• Interviews
    During the adoption home study process, you will undergo several interviews. These are put in place to get to know you better as well as to develop a relationship with your social worker. The better your social worker gets to know you, the better equipped they are to find an appropriate placement for your family.
  • Home Visits
    Home visits are conducted to see how safe your living environment is. In addition to checking out the child’s room, the social worker will look to see if the home is safe enough for a child. This includes everything from working alarms, safe water, no obvious hazards, and more. Many people think that if there home is totally clean and spotless, the home visit will go well, but this is not what the social worker is looking for. If everything is tidy and the home is found to be safe and up to code, it should be enough to pass with flying colors.
  • Health Records and Statements
    You will need to submit health records so that your social worker is aware of your physical and emotional health. Most agencies require prospective parents to undergo a physical exam to catch any health issues that you may be unaware of. Typically, the health records should not have too much say in the final adoption decision unless you have a serious health problem that will affect life expectancy. If you have a chronic health issue that is managed, a statement from your primary physician outlining the nature of your health problem and your actions to regulate will be required.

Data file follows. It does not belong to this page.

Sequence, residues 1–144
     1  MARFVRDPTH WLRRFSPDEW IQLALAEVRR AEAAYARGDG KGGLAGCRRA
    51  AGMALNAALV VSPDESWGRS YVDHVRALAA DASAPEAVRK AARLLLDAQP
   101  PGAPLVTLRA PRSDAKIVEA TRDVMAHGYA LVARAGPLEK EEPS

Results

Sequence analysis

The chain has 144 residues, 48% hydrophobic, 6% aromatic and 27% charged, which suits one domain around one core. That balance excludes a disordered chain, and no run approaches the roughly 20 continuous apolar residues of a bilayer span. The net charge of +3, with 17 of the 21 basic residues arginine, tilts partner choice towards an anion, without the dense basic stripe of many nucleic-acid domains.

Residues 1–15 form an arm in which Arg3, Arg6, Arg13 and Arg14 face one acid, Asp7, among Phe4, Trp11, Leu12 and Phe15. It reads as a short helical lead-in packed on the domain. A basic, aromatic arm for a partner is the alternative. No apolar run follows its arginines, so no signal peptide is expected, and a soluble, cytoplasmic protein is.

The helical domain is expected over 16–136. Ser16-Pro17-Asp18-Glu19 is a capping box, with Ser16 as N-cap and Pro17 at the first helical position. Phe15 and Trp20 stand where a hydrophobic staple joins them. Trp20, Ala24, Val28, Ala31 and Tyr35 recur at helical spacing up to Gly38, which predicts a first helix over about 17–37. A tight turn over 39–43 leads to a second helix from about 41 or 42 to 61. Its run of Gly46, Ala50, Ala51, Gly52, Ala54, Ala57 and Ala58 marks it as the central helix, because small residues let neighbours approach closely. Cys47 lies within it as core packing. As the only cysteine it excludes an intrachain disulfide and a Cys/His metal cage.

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  • Income Statements
    Though you do not have to be rich or even “well off” to adopt, you do have to prove that you are financially equipped to adequately care for another person or persons on your current income. Adoption can be very costly, even with assistance, so it is important to have your financial records checked out and your stability validated. This will require tax forms and income check stubs.
  • References
    References from family, friends, your pastor, or colleagues will further help your social worker get a better understanding of who you are. When looking for references, it should be individuals who have known you and your family for a number of years. Acquaintances are okay in a pinch, but the agency is most likely looking for close personal friends and family who can give a true testament to your character and personality.
Overall, the adoption home study process can be long and feel arduous, but it is the best way for your social worker to get to know who you are. The elements of the process are all very important, though some hold more weight than others in the final adoption process. Be sure to follow the requirements closely, have all your documents prepared, and most importantly, be yourself!